In the leadership in care delivery course, we were assigned to a hospital to perform clinical hours and provide care to four patients. Additionally, the purpose of this paper is to explain and provide examples on how our patient care included the concepts of Quality and Safety Education for Nursing (QSEN) competencies, delegation, handoff reporting, and a reflection of the clinical experience. Quality and Safety Education for Nursing (QSEN) Competencies QSEN consists of six competencies: patient centered care, quality improvement, teamwork and collaboration, safety, informatics, and evidence based practice. To provide patient-centered care, I had to educate the patient when administering medications on why the patient was taking the medication and side effects. Care had to be individualized with each patient and it included providing respect with his or her decisions in their care.
It is of utmost importance for the care of patients to be prioritized but nurses have been taking to many hits from many different variables. And these have deterred with the patient 's overall care. The care of the patients have been decreasing over the years due to aspects. These aspects are caused by hospitals themselves which are not taking care of the nurses. These nurses experience illnesses themselves and guidelines and precautions are not takes.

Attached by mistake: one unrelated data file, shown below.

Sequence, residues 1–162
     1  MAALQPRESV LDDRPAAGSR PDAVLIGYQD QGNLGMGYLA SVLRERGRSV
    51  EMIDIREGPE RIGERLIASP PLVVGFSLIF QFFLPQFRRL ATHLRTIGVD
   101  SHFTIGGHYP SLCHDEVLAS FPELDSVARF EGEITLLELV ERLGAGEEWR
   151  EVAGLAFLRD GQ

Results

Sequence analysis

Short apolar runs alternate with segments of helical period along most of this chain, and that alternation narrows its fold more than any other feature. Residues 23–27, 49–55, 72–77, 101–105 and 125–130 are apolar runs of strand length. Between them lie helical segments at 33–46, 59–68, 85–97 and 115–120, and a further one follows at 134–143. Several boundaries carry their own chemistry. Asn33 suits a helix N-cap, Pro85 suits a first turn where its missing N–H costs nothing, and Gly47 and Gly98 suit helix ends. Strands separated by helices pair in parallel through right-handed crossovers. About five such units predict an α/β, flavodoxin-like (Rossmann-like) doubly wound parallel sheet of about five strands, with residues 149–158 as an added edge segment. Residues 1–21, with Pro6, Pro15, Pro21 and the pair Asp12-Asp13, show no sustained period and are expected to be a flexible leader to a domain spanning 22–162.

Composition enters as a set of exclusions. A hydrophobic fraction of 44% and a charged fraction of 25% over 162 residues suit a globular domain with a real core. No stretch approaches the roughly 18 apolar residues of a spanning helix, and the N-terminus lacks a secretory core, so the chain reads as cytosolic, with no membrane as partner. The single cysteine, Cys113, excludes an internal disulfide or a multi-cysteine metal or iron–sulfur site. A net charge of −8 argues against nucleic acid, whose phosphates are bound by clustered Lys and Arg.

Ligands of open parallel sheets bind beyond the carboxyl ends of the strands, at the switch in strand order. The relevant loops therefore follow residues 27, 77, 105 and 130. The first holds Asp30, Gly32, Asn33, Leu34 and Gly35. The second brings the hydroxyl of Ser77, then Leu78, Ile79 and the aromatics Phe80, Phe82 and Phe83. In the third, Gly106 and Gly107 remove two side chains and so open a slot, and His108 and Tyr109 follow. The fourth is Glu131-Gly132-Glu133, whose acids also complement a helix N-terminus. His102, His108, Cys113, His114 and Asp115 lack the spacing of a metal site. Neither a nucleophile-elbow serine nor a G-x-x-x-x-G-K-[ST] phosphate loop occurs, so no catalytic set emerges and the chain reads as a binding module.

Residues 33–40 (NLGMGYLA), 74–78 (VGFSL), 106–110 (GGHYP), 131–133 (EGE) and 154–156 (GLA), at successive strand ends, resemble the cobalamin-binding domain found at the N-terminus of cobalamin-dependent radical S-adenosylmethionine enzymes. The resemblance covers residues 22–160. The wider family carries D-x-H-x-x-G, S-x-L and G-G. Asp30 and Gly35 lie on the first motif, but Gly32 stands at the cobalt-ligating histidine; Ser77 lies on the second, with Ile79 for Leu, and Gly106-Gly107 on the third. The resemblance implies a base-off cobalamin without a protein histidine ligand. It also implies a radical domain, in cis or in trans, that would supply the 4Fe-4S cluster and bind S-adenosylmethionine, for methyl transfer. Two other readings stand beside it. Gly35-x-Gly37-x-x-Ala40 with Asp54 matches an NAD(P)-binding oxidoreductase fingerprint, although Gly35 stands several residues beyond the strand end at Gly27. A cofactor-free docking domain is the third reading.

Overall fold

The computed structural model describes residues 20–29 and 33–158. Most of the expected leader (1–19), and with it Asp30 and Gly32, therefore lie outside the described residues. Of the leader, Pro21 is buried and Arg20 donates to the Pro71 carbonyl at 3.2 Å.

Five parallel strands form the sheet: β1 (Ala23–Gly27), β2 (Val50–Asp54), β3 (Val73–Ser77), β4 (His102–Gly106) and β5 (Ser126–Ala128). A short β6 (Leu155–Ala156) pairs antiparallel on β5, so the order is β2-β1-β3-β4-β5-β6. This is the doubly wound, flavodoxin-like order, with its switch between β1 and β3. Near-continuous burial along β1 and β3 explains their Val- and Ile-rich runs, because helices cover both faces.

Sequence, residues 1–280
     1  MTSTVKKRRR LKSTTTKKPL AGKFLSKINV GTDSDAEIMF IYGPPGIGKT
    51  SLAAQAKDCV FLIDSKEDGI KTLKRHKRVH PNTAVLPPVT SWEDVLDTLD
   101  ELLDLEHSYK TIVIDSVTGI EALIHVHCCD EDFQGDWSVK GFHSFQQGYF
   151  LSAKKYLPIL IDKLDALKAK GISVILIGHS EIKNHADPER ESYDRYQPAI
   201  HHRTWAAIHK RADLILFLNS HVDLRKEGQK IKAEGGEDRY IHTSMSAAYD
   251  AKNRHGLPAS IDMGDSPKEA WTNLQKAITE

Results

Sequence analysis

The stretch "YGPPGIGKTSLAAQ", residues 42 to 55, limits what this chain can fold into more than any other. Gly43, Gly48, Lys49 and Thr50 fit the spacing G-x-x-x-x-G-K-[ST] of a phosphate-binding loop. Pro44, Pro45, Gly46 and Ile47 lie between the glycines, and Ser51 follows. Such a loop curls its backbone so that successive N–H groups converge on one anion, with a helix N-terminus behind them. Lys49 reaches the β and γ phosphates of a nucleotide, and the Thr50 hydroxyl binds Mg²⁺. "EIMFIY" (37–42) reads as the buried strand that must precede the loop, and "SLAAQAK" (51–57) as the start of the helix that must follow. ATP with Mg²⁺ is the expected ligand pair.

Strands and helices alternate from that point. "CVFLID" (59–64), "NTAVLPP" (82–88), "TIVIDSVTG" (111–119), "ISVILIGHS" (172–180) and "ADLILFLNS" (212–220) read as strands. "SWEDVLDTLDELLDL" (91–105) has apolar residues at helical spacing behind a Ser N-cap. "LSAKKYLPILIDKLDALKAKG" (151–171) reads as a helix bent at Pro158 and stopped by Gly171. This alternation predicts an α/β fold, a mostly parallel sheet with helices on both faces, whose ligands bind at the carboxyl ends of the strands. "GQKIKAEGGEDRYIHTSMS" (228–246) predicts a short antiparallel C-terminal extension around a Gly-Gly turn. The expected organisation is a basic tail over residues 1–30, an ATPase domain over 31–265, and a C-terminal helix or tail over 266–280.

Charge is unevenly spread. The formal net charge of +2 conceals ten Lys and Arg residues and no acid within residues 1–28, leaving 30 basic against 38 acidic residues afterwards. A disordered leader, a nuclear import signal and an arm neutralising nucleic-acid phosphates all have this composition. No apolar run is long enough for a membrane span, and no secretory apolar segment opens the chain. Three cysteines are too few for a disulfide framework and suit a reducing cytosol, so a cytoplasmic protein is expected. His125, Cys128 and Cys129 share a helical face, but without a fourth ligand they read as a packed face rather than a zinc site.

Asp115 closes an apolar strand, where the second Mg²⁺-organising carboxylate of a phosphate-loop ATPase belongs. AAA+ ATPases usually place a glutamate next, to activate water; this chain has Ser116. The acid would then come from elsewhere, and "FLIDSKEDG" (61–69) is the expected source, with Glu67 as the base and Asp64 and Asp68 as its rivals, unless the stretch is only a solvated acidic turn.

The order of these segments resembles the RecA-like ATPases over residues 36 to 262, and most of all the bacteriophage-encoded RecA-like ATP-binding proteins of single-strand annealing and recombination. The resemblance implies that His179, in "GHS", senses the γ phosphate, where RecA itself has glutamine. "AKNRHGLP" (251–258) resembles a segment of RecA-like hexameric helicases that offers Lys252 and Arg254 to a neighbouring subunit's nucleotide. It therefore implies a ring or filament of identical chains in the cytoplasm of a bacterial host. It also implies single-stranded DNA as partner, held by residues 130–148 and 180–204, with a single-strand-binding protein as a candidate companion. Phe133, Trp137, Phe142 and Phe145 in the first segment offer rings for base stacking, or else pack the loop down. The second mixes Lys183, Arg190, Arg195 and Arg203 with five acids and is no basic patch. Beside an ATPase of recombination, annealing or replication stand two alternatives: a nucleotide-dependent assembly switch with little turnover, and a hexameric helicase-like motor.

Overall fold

According to PAULA GRALING who is a DNP, RN, CNOR, FAAN CLINICAL NURSE SPECIALIST, DEPARTMENT OF SURGERY, INOVA FAIRFAX MEDICAL CAMPUS ,FALLS CHURCH, VA; “Nurses become the champion of change should work with your doctor to develop an atmosphere of mutual respect and stroke and other medical colleagues. We need to get used to using the vocabulary and evaluation tool that is used to measure the quality of the communication. Nurses, thoughtful, in the case of stakeholders for collaboration and interdisciplinary teamwork can we create and maintain with our environment and safety culture.”